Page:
After attending the Charterhouse with Richard Steele, Joseph Addison studied at Magdalen College Oxford (M.A. 1693, Fellow 1698-1711). He then traveled on the Continent to prepare for a career as a diplomat and writer. Writing for the Whigs, Addison won acclaim for The Campaign (1704) and his tragedy Cato (1713); he held a series of government posts culminating in his appointment as Secretary of State (1717). As an essayist he collaborated with Steele on The Tatler, The Spectator, and The Guardian. Addison's coterie of Whig writers included Steele, Tickell, John Hughes, "Rag" Smith, and Ambrose Philips.
1694An Account of the Greatest English Poets. To Mr. H. S. Ap. 3d. 1694.
1709Tatler 97 [Prodicus's Choice of Hercules.]
1711Spectator 159 [The Vision of Mirzah.]
1711Spectator 183 [On Fables.]
1711Spectator 3 [Allegory of Public Credit.]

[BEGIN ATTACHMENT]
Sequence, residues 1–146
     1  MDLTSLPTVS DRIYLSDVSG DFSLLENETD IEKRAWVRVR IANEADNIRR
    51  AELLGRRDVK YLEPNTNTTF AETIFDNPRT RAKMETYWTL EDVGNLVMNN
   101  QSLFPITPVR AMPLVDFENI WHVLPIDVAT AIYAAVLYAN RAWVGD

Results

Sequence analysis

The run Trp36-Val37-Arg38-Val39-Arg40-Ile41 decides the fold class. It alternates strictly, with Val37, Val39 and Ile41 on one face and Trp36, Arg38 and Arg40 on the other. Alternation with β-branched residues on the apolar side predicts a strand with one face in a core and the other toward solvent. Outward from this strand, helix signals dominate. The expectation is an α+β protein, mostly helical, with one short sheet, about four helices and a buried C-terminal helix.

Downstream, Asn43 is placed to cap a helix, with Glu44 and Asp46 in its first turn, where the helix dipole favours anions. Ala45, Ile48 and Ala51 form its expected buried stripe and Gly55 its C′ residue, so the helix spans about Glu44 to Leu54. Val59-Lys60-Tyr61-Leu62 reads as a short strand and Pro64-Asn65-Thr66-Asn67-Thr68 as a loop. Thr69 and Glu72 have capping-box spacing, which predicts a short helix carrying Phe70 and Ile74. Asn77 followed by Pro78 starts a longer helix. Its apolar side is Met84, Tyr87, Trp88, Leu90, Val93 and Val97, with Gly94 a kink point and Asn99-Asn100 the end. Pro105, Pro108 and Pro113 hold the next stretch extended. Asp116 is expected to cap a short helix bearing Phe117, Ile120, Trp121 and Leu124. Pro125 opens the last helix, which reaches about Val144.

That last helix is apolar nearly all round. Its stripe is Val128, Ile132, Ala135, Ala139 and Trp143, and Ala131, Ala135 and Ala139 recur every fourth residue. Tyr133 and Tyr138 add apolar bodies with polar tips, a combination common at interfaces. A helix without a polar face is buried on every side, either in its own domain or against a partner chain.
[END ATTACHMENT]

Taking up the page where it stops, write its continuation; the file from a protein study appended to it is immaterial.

1711Spectator 62 [True and False Wit.]
1712Spectator 419 [The Fairy Way of Writing.]
1712Spectator 523 [Heathen Mythology.]
1713Guardian 152 [Allegorical Battle of the Sexes.]
1714Spectator 558 [The Mountain of Human Miseries.]
1714Spectator 559 [The Mountain of Human Miseries. Conclusion.]
Nova philosophia veteri praeferenda. 1693.
An account of the greatest English poets. 1694.
An address to King William. 1695.
An essay on Virgil's Georgics, in The works of Virgil (Dryden, trans.) 1697.
The campaign. 1705.
Remarks on the several parts of Italy. 1705.
Rosamond: an opera. 1707.
The present state of the war. 1708.
The tatler. 1709-11.
The spectator. 1711-12.
The guardian. 1713.
Cato: a tragedy. 1713.
The late tryal and conviction of Count Tariff. 1713.
Works, ed. Thomas Tickell. 4 vols, 1721.
Miscellaneous works in verse and prose. 3 vols, 1726.
A discourse on ancient and modern learning. 1739.
Poetical works. 1750.
Dramatic works. 1750.
The correspondence of John Hughes and Mr Addison. 1773.
Addisoniana. 2 vols, 1803.
Works, ed. Richard Hurd. 6 vols, 1812.
Works, ed. A. C. Guthkelch. 2 vols, 1914.
Criticisms on Paradise Lost, ed. A. S. Cook. 1926.
Letters of Joseph Addison, ed. W. Graham. 1941.